[rspec-users] lots of nil problems!

Patrick J. Collins patrick at collinatorstudios.com
Sat Mar 20 07:16:03 EDT 2010


Hi David,

> I've been thinking of deprecating the and_xxx methods in rspec-2. Does
> anybody think that's an awful idea?

Well I can tell you that this syntax you demonstrated:

>   foo.stub(:bar) { "return value" }
>   foo.stub(:bar) { raise SomeError }
>   foo.stub(:bar) { yield "value" }
>   foo.stub(:bar) { throw :value }

is so much clearer to me, intuitive, and friendly....

Thank you very much for your explanations, they really help-- I finally get the
whole stub / should_receive...  The only thing that is still a bit fuzzy to me,
is knowing when to use one over the other.

With the case of should_receive, I am having a hard time imagining a useful
test, because everything I am thinking of-- is something like:

def index
  @blogs = Blog.all

  ...
end

#

Blog.should_receve(:all) { @list_of_blogs }

...

And that to me, seems like a pointless test because it's evident visually that
the code is fine, flawless and will work exactly as expected.  But I probably
am missing something...

Now, one other thing I might ask you to explain, since you do such a great job,
is what are the differences between "mock" "mock_model" and "should_receive"
since they all are "mocking"...?


Patrick J. Collins
http://collinatorstudios.com


On Sat, 20 Mar 2010, David Chelimsky wrote:

> On Sat, Mar 20, 2010 at 2:28 AM, Patrick J. Collins
> <patrick at collinatorstudios.com> wrote:
> > 4.  You do .stub! ...........  This is where I get really
> > confused.  From the peepcode screencast that I have watched
> > several times, he explained that stubbing is the same as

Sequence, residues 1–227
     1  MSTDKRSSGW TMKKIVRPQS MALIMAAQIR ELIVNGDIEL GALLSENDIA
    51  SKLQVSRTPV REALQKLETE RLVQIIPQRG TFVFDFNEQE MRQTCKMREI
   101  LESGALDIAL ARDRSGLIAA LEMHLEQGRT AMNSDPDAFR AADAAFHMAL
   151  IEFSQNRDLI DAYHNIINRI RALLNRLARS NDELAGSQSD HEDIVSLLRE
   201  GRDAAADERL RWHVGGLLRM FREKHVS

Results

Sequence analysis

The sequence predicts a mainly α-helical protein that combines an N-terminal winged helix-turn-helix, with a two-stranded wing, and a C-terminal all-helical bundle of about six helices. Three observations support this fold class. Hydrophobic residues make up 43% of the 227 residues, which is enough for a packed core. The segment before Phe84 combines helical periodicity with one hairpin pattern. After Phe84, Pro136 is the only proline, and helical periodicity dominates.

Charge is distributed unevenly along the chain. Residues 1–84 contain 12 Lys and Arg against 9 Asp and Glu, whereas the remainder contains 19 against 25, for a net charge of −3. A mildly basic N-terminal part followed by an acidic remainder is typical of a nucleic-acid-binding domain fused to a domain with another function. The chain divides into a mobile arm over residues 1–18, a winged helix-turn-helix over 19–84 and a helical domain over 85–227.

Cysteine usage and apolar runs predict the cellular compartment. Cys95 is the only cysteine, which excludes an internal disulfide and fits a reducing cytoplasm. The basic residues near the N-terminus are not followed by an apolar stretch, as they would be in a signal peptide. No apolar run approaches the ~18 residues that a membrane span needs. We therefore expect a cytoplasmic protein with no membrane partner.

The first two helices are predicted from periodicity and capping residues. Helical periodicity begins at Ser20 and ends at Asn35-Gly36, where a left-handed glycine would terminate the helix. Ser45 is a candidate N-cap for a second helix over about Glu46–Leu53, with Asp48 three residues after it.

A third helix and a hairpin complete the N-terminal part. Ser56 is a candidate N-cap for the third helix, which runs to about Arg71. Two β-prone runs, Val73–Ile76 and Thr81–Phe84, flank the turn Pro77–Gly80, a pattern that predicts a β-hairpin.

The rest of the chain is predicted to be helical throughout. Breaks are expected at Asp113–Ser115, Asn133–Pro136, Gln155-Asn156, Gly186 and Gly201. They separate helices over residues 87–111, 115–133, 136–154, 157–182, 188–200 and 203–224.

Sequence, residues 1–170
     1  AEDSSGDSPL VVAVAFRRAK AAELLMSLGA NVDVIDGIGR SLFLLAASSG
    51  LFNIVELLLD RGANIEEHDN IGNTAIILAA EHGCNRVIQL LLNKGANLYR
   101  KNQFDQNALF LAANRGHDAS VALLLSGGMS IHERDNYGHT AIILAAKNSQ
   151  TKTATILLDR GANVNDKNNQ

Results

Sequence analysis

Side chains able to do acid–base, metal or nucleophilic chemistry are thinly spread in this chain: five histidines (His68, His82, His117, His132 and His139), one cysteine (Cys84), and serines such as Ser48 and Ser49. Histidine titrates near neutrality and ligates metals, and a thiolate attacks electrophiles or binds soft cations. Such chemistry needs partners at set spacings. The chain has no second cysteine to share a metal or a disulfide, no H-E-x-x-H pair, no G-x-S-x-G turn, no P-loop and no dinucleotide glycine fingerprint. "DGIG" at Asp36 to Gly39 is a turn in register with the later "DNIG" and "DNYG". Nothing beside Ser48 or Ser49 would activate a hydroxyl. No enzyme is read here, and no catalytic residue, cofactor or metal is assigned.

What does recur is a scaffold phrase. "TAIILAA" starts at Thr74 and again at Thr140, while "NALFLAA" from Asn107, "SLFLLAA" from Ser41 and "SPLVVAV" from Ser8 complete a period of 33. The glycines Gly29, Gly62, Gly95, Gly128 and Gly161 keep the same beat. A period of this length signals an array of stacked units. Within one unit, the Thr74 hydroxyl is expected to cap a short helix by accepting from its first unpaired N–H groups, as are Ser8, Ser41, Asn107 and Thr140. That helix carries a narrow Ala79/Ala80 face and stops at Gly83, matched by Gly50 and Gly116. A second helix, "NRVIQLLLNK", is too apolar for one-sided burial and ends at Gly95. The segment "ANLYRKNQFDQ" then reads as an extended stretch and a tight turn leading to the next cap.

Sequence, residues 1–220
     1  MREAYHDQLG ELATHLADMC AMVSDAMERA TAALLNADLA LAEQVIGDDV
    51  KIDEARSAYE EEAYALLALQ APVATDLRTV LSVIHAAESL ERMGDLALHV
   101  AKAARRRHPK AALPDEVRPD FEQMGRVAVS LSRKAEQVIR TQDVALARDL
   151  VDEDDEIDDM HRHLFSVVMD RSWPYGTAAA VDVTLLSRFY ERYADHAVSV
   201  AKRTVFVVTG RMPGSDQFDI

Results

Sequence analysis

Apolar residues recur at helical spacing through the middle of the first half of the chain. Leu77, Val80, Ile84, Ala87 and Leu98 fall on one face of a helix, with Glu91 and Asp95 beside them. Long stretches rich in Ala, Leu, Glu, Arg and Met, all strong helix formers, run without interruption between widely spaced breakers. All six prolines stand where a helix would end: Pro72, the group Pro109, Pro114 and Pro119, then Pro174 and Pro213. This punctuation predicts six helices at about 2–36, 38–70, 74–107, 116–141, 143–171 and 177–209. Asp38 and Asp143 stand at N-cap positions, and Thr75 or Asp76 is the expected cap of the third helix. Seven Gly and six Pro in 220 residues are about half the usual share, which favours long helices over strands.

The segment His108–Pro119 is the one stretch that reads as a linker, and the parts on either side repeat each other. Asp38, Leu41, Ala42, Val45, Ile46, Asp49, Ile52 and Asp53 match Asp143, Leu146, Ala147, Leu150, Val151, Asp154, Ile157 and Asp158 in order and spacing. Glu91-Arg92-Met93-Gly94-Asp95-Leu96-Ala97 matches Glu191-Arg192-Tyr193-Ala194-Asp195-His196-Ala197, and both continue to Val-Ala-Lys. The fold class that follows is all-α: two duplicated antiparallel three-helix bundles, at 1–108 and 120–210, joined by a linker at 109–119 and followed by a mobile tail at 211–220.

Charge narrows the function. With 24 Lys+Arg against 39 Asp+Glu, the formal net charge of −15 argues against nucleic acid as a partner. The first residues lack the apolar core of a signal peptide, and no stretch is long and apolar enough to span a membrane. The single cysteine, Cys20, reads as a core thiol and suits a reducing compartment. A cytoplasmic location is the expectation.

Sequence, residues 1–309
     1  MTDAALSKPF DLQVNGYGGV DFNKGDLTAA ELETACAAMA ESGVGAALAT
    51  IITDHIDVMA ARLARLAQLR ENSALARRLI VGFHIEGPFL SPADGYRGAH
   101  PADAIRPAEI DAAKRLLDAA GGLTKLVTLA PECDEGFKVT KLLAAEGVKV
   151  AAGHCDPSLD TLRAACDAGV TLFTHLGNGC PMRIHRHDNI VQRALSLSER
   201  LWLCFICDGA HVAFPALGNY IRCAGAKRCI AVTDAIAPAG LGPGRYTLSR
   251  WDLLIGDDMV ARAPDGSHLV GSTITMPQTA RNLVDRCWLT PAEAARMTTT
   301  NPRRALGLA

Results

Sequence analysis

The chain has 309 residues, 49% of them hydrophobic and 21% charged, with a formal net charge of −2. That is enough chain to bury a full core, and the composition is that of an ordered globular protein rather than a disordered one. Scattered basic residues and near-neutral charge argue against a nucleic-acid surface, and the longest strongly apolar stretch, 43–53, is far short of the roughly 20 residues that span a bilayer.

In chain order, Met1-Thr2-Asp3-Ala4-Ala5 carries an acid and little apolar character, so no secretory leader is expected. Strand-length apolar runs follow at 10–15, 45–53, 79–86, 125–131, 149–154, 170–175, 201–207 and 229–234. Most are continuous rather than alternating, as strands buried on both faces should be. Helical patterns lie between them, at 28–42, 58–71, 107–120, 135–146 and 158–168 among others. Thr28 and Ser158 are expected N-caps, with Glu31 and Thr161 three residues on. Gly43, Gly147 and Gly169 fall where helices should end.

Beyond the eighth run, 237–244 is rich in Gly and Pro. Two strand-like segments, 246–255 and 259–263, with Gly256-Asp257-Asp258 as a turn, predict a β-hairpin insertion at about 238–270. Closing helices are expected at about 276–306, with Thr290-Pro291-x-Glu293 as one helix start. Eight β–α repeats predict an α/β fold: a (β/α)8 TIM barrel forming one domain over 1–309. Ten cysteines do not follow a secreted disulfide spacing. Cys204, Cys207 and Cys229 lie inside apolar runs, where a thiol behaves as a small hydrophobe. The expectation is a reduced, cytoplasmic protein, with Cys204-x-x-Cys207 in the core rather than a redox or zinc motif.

> > mocking-- except there is no expectation of what it returns.
> >
> > That made sense when he said it, but in all the examples I've
> > seen with code (including yours), there is this .and_return at
> > the end..  Which as far as I can tell, is an expectation..  I
> > mean, you are asking it to return a specific thing-- that is
> > an expectation is it not?  Or does expectation really mean
> > something else in this context?
> 
> .and_xxx is admittedly confusing, as evidenced by your confusion.
> These are _not_ expectations, they are merely configuration.
> 
> When you say
> 
>   foo.stub(:bar).and_return('this value')
> 
> you're saying: hey, foo, you might receive the bar() message. If you
> do, return "this value".
> 
> When you say
> 
>   foo.should_receive(:bar).and_return('this value')
> 
> you're saying: hey, foo, you _should_ receive the bar() message. If
> you do, return "this value". If you don't, raise an ExpectationNotMet
> error.
> 
> Neither are saying: hey, foo, you should return "this value", and if
> you don't, I'll consider it a failure.
> 
> There are also and_raise, and_yield, and and_throw methods that
> operate similarly. They are instructions to the object that allow you
> to control how it behaves so you can set expectations on other objects
> as to how they should respond. Make sense?
> 
> There is an alternate syntax that I'm using nearly exclusively at this
> point, which is to pass a block along with the stub() and
> should_receive() messages:
> 
>   foo.stub(:bar) { "return value" }
>   foo.stub(:bar) { raise SomeError }
>   foo.stub(:bar) { yield "value" }
>   foo.stub(:bar) { throw :value }
>   foo.should_receive(:bar) { "return value" }
>   foo.should_receive(:bar) { raise SomeError }
>   foo.should_receive(:bar) { yield "value" }
>   foo.should_receive(:bar) { throw :value }
> 
> As you can see, there is much less API to worry about here. You're
> just supplying an implementation.
> 
> This approach also works with scoped arguments:
> 
>   input = Input.new
>   calculator = Calculator.new(input)
>   calculator.should_receive(:add).with(1,2) { 3 }
>   input.type("1", "+", "2", "Enter")
> 
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